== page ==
Simultaneous Ingress, Runkeeper, last.fm, Spotify – let’s just call it MORES law
I took a walk Tuesday afternoon, and after the walk I got to thinking.
My walk had two purposes – to go by an augmented reality portal that is part of Google’s Ingress game, and to get some exercise. To play Ingress, I had my Android smartphone with me. Although I didn’t need my Android smartphone to walk, it is a handy thing to have because I can then record my distance via the Runkeeper application.
Unfortunately, Ingress doesn’t seem to play well with other apps running simultaneously – at least on my older Android phone – so I didn’t even try to run both Ingress and Runkeeper at the same time.
After I returned from my walk (not recorded in Runkeeper), I began thinking about an ideal smartphone setup. In the ideal world, I’d be able to run Ingress and Runkeeper at the same time. Oh, and while I was at it, wouldn’t it be nice to listen to some music at the same time, perhaps via Spotify? And, of course, I’d want to log all my Spotify activity to last.fm.
How ridiculous would my ideal smartphone computing environment have appeared a mere 30 years ago? Back then, the idea of a smartphone didn’t even exist. The vast majority of personal computer users were performing their work in a text-based, 80 character times 24 line screen. And the users were performing this on a device that was much larger than my smartphone, with many fewer features.
Things have changed significantly in the computer world between 1982 and 2012, and they’ll change a lot more between 2012 and 2042.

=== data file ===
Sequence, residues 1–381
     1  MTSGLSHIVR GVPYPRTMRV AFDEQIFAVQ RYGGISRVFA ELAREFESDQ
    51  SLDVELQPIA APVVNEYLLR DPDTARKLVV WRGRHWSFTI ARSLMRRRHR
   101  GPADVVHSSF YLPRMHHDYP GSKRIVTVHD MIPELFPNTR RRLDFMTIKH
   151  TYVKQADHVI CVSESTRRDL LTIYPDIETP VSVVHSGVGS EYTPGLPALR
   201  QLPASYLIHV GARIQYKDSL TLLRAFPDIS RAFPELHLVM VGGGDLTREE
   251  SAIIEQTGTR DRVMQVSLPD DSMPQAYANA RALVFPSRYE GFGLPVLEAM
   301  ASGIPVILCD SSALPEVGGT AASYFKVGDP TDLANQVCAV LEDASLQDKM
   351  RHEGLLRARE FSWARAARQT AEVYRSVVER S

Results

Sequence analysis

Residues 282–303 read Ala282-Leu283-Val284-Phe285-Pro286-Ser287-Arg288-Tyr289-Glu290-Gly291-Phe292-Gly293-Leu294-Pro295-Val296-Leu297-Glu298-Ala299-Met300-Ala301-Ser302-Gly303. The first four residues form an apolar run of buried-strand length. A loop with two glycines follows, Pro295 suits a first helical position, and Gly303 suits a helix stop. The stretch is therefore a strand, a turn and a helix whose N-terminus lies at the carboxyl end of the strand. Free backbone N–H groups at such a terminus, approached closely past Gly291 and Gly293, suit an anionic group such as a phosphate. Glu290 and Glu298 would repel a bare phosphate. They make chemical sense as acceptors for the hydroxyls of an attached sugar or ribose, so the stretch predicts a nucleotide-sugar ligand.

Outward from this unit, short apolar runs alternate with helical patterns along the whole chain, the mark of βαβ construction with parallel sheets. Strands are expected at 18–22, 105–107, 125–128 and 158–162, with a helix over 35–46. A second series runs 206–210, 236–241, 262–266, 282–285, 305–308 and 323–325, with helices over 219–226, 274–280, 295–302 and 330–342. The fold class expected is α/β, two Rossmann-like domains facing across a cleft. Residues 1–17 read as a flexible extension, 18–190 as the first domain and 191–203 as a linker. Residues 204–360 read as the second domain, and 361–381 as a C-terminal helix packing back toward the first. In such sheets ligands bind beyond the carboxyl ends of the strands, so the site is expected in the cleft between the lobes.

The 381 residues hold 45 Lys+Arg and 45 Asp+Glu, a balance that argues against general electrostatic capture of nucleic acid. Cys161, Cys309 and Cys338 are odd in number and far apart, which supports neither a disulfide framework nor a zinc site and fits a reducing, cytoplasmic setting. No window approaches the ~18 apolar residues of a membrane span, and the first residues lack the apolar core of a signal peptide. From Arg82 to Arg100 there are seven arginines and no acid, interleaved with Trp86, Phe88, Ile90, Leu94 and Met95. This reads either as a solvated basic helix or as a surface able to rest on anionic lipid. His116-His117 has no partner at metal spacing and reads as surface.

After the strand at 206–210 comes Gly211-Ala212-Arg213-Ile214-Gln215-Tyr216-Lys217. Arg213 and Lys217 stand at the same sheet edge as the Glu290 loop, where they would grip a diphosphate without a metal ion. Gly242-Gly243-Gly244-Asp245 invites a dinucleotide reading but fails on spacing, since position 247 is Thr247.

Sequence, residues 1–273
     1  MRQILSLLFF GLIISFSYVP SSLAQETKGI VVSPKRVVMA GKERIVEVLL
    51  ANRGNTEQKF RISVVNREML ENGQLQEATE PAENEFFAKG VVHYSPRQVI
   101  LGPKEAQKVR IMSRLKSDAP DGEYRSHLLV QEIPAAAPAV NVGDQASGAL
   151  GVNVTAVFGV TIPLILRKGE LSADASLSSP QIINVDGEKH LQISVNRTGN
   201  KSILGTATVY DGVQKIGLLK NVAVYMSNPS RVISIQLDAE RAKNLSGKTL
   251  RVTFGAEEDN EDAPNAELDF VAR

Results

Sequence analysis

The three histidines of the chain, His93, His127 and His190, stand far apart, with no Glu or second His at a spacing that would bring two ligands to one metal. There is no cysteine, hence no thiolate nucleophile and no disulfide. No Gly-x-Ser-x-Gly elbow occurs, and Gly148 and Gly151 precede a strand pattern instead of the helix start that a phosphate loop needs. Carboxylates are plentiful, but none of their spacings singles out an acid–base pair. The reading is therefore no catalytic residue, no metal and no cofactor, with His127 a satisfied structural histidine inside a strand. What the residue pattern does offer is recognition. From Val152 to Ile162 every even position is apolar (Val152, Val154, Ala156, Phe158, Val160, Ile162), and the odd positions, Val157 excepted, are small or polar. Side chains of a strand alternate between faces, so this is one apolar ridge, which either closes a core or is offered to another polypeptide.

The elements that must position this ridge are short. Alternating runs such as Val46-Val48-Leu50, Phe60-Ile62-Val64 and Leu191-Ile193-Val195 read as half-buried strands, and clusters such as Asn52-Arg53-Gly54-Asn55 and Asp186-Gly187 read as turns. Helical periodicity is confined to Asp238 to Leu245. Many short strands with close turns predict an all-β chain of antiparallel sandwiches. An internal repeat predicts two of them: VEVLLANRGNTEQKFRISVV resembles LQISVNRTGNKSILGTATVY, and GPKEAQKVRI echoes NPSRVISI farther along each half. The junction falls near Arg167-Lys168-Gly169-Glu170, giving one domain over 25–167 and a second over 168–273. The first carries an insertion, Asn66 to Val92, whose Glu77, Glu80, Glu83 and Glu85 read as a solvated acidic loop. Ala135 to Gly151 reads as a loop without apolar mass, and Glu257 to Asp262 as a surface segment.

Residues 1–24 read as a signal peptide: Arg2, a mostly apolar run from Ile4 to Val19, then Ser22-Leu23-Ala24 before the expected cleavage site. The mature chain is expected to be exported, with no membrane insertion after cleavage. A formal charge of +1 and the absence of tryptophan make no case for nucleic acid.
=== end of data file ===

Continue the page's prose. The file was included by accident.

One of the reasons for these changes is because computers have become more powerful. Intel illustrates this with a processor-based example. Imagine that in 1970, you walked into a concert hall with a seating capacity of 2,300 people. Forty-one years later, imagine that you could take the entire population of China – 1.3 billion people – and fit them into that same concert hall.
Intel, of course, is heavily influenced by the thinking of Gordon Moore, who postulated that the number of transistors on a chip will double approximately every two years. This concept (Moore’s Law) has driven the expansion of Intel, its competitors, and those who rely upon the chipmakers to power their computers and computing devices.
As a result, the dedicated BASIC computer that I used in junior high school in the early 1970s was eventually able to become the Macintosh Plus, which featured a windowing environment, a program called MacWrite that could beat the pants off of any typewriter by producing text in four different fonts, and the ability to store up to TWENTY MEGABYTES of “files” with my data. And, of course, things have continued to grow – and shrink.
But it’s never enough for us. If someone from the past were to look at one of today’s smartphones, with its ability to communicate anywhere in the world and its ability to tell you exactly where you are, the person from the past would marvel.
But in my case, I just want to allow four complex Internet-enabled applications to run simultaneously in a device that fits in the palm of my mind.
Meanwhile, the person who will be living thirty years from now will be unable to believe that I suffered under such extreme restrictions.
Why call it Moore’s Law? Let’s just call it MORES Law…because we will always want more, more, more. (How do you like it?)